So at this stage of the project, I find it appropriate to do a little reckoning about what worked, what didn’t, what we could have done better....or much much worse...in the construction and use of this critter. All of the construction is pretty much documented in this blog (go to “older entries” for the early stuff), so feel free to use those entries as a reference.
In terms of the design, as cited before, the boat is too large by about a foot. If I had to do it again I would opt for a slightly longer vessel--assuming I felt I needed the room--and keep to an 8’ width. There are three reasons for this: First is expense. In America, things like plywood and dimensional lumber tend to be only easily available in specific lengths. So, if I want to cover over a 4’ X 8’ floor, I get a 4’ X 8’ sheet of plywood. If I want to cover a 4’ X 8’ 1/2” space, I have to buy TWO sheets of 4’ X 8’ plywood to make up for the additional lumber. Hyperbole, but you get the idea. Second is, of course, the additional labor. That additional 1/2” has to have structure to support it, has to have paint and glue and fasteners. We built Floating Empire with 9’ 6” interior floors to accommodate the aft studio space. I could have probably saved nearly 1/3 of the expense and building time by losing that 1’ 6”. I’m not at all sure we’d miss it.
The roofline is a similar issue. While we love the sleeping loft, making it a permanent structure meant that the boat was in excess of the 13’ 6” allowed on the highways when placed on a trailer. This meant we had to remove all of the flotation, store it in the boat for transit (which meant we couldn’t finish the interior walls before the move) then re-attach the floats before it goes to the water. Tedious. Some Vardo designs (bow top) built recently have the ability to hinge down the top of the vardo for transit, which would have greatly facilitated transport (and might also have been useful in limiting the amount of wind resistance when the vessel is on the water.)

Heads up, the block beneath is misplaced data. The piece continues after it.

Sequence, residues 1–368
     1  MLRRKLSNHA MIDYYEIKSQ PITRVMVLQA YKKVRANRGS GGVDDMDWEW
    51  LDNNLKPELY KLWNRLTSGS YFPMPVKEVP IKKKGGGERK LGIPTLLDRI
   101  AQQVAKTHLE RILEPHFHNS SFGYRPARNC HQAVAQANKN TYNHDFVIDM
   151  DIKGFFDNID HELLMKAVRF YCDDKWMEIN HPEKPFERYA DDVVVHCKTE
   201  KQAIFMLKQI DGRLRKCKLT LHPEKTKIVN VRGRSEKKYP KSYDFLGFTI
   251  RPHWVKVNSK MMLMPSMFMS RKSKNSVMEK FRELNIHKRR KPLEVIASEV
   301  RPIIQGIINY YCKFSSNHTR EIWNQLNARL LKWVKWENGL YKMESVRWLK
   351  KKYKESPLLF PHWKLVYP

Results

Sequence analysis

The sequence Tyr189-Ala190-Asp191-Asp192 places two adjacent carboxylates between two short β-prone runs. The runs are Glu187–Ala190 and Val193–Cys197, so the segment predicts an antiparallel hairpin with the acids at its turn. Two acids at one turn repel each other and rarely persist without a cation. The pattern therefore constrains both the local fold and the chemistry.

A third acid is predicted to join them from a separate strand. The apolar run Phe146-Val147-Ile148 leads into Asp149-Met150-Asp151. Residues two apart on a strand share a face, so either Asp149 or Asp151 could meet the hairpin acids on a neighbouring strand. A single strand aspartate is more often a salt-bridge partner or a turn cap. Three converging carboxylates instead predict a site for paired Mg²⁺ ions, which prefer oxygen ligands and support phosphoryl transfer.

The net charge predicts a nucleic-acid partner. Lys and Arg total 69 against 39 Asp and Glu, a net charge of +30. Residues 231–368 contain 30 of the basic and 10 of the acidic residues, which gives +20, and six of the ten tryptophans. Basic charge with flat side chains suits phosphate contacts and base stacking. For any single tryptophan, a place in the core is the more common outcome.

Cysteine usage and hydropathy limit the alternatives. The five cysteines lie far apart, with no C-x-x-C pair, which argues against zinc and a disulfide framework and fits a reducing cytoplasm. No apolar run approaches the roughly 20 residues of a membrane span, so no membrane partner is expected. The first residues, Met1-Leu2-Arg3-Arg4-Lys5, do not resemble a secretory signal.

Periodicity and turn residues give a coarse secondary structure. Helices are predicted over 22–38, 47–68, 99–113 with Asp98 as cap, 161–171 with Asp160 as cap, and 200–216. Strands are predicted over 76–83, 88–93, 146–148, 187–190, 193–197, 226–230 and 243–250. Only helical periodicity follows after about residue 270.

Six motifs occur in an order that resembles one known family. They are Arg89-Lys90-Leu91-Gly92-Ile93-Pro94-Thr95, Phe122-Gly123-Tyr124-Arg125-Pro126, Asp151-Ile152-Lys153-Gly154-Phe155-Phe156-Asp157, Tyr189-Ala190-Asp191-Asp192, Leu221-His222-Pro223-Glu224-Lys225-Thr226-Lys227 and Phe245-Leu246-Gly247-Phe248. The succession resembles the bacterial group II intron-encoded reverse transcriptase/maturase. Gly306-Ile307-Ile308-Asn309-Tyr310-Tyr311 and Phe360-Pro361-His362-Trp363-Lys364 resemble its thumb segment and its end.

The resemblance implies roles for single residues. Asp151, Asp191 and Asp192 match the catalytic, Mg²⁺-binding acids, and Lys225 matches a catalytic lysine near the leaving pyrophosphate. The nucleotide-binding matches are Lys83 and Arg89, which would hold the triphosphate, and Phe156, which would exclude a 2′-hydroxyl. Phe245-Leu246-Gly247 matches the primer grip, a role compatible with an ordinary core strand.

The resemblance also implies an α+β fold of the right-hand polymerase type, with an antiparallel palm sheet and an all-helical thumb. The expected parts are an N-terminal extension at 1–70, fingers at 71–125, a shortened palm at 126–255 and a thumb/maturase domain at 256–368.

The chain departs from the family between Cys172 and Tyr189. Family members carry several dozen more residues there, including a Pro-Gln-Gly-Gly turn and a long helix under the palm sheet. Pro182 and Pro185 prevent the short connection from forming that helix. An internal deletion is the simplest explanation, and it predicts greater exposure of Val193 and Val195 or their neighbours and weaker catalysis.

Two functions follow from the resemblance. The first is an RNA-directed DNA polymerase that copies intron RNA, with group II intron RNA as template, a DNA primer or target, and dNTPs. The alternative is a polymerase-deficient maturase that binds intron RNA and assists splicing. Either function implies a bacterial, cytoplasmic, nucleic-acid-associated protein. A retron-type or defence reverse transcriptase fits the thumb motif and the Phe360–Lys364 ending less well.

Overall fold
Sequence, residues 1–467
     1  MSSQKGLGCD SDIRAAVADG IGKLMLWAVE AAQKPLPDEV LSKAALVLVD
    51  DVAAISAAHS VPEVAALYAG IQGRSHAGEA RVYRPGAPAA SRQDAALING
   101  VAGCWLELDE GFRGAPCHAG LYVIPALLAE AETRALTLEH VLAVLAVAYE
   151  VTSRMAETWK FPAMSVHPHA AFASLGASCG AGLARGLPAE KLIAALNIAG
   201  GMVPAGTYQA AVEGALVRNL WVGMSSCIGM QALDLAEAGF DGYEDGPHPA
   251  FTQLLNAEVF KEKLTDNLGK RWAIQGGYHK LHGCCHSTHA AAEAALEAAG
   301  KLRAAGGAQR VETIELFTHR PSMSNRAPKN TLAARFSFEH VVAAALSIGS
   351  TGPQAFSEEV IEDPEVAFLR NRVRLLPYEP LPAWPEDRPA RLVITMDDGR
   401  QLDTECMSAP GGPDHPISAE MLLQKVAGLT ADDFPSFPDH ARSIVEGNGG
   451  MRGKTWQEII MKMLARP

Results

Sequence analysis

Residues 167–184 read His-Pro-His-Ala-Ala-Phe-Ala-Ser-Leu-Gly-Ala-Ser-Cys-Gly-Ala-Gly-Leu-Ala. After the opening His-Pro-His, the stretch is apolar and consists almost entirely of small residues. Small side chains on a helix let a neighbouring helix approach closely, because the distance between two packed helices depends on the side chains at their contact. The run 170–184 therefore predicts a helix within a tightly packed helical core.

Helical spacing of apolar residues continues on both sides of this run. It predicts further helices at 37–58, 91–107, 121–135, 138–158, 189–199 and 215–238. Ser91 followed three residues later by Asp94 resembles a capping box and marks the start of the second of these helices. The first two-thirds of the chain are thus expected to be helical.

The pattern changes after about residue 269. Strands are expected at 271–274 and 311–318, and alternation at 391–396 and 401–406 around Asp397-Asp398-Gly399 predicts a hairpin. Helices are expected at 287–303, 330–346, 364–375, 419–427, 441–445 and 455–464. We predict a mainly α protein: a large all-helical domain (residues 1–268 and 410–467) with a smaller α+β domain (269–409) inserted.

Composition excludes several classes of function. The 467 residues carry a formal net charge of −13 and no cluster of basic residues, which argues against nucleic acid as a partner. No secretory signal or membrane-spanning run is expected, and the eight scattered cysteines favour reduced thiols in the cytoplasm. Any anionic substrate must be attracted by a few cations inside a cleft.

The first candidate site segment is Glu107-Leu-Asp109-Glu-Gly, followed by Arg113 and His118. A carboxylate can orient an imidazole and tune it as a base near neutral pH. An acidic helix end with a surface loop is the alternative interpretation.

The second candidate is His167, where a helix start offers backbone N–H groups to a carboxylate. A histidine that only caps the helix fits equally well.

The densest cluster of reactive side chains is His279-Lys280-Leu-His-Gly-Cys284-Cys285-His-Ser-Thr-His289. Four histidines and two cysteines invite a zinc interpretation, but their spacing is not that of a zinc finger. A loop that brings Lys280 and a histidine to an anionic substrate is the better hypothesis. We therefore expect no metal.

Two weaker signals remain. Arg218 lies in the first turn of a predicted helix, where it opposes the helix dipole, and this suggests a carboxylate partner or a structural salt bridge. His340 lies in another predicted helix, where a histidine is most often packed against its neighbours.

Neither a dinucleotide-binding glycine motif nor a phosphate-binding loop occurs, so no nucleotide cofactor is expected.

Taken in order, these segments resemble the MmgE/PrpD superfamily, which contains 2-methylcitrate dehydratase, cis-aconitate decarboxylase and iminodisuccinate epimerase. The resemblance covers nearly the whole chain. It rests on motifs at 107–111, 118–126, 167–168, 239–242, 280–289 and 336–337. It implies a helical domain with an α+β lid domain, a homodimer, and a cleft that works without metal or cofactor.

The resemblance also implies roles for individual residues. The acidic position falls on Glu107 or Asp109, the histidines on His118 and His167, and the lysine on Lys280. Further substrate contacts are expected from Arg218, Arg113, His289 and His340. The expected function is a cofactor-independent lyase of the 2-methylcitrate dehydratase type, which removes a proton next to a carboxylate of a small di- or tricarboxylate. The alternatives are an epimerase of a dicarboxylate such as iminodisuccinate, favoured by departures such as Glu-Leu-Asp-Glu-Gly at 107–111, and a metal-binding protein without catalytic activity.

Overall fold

Our choice of construction spaces was driven by expense and convenience. In balance, the choice was questionable. We built in back of the house, on an alley which did allow for easy access, but the ground was unlevel, causing multiple problems in keeping the build square and resulting in a nearly three hour ordeal to get the boat onto the trailer for the move. Building in a boatyard, or a rented garage near the water, would have eliminated the considerable expense of transit, and would, despite the transit time to the build site, have made construction easier and more accurate.
The outdoor build also meant that we were interrupted frequently by weather until we finally got the boat enclosed, which, in aggregate, put our construction back at least a month.
So in summary of the above: 8’ width, collapsable roofline, and rent a garage or warehouse space for the build, hopefully something much nearer the water which would save the nearly two grand we wound up spending on transit, prep, and launch.
The membrane roof, leftovers from the construction of a sports stadium obtained from billboardtarps.com, was a great choice. The surface is highly reflective, and even in direct sun on hot days transmits a surprisingly small amount of heat to the interior of the boat. It is also extremely tough, having weathered not only several heavy rains and thunderstorms, but also 50mph wind equivalents in the nearly two hour transit by truck to the water. Good choice, especially for a price of about $60 including shipping (which was half of the expense). Would do it again. The lovely curve of the roof, the adequate headroom in the sleeping loft, and the inherent stability of the pontoons in easy water make for a great sleeping space.
The use of pipe to secure the barrels also is a great idea, and here many thanks to the Illinois group from which we borrowed the idea. It saved many hours of construction, and during the aborted fork lift effort at the marina, even though one of our stringers broke, the pipe never varied. They hold the barrels securely and evenly, without allowing them to pop up against the flooring (a problem cited on some other barrel barge construction blogs).
The barrels themselves seem fine. Very little seems inclined to stick to them, including barnacles and algae. During the move and launch, we had one to leak due to a cross threaded plug and one to virtually sink due to a MISSING plug. Both were remedied quickly and simply with a quick swim and a small hand pump, though such experiences may be far less pleasant in, say, the depth of winter. I highly recommend getting a barrel wrench, which greatly facilitates getting the inset bung plugs on and off.